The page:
Several hundred thousand Polish Jews escaped the onslaught of the Germans due to this forced migration. The Jewish deportees endured harsh labor, hunger, disease, exhaustion, mistreatment, and what Grossmann described as utter bewilderment. They struggled to adapt. Many perished, but many survived. Grossmann emphasized that in contrast to the situation in Nazi-occupied Poland, the horrific conditions did not specifically or selectively affect Jews alone. All Poles and all inhabitants of the Soviet Union were also affected as mass evacuations of Soviet civilians into the Soviet interior were also underway.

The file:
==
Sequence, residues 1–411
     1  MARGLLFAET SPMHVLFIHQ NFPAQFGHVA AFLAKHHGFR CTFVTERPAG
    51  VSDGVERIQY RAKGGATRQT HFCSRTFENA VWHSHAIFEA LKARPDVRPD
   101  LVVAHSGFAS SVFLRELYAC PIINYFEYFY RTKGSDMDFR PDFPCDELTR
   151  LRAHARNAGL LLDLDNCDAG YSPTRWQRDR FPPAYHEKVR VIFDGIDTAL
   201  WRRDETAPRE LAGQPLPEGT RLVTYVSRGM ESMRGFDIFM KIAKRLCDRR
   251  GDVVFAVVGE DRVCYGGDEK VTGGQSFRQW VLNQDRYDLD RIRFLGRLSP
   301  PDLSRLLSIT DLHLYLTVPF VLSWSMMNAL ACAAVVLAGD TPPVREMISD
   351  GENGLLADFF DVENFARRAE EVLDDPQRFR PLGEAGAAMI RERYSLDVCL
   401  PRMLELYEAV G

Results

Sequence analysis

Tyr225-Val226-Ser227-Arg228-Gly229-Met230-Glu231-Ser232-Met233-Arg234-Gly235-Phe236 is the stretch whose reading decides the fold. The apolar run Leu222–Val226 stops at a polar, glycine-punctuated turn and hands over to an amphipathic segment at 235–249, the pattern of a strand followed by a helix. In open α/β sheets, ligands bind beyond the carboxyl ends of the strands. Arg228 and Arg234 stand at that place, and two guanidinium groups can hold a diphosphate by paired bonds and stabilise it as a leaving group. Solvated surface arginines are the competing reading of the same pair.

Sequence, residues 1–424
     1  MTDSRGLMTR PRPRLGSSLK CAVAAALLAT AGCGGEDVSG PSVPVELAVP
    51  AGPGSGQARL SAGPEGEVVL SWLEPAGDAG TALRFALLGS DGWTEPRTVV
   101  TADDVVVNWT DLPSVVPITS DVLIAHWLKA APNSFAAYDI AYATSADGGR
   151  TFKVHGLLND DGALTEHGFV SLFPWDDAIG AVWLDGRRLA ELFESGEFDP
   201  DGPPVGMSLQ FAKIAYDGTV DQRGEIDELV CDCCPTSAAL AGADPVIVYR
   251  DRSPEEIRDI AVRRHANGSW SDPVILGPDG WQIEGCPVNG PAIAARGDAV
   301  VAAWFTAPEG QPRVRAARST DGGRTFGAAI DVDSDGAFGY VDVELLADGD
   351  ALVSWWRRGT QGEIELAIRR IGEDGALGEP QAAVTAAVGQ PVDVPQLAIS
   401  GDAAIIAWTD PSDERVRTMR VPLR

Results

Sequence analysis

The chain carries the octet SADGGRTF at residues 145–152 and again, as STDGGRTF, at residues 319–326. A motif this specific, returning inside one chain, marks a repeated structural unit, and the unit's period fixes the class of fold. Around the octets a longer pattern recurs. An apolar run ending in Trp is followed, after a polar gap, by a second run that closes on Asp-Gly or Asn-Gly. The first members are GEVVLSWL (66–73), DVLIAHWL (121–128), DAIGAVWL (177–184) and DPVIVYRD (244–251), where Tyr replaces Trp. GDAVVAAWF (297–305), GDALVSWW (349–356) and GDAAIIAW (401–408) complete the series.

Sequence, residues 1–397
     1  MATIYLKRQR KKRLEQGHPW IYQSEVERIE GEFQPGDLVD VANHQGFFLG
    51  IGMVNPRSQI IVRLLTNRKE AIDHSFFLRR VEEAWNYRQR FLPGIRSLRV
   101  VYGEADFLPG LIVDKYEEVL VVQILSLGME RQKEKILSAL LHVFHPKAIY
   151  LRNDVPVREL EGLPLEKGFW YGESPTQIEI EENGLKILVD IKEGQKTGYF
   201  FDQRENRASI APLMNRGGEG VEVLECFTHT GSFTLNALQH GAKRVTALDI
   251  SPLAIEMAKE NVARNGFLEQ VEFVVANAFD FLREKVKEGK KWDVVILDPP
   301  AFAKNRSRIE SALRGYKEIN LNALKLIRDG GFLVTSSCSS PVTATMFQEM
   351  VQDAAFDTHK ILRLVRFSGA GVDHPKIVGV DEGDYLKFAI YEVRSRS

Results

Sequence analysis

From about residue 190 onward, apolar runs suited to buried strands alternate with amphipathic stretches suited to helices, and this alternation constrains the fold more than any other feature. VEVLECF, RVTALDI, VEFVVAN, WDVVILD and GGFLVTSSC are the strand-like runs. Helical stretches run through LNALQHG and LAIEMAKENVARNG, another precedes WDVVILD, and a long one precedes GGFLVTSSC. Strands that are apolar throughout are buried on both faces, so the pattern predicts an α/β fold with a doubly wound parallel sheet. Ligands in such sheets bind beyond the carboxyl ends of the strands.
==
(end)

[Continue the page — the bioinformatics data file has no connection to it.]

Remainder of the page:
Grossmann detailed important historical developments in the lives of these Jews, most notably Stalin’s negotiation of amnesty with the Polish government in exile in the summer of 1941; the resulting formation of a Polish army in exile and the release of Polish citizens from the special camps, whether they were Jewish or not; chaotic migration to the Central Asian republics where refugees hoped for warm climates and an abundance of food. Instead they found hunger, overcrowding, and disease, intensified by the evacuation happening at the same time of all Soviet citizens from the advancing front. Grossmann described that in addition to the horrible conditions they encountered, these refugees also experienced a variety of “wartime improvisations,” including theatre and universities in exile. Grossmann explained that local Uzbeks, who were Muslims in the process of being Sovietized themselves, sometimes resented these Western, Christian, and Jewish Soviet evacuees, yet often showed “astonishing generosity” despite their own poverty.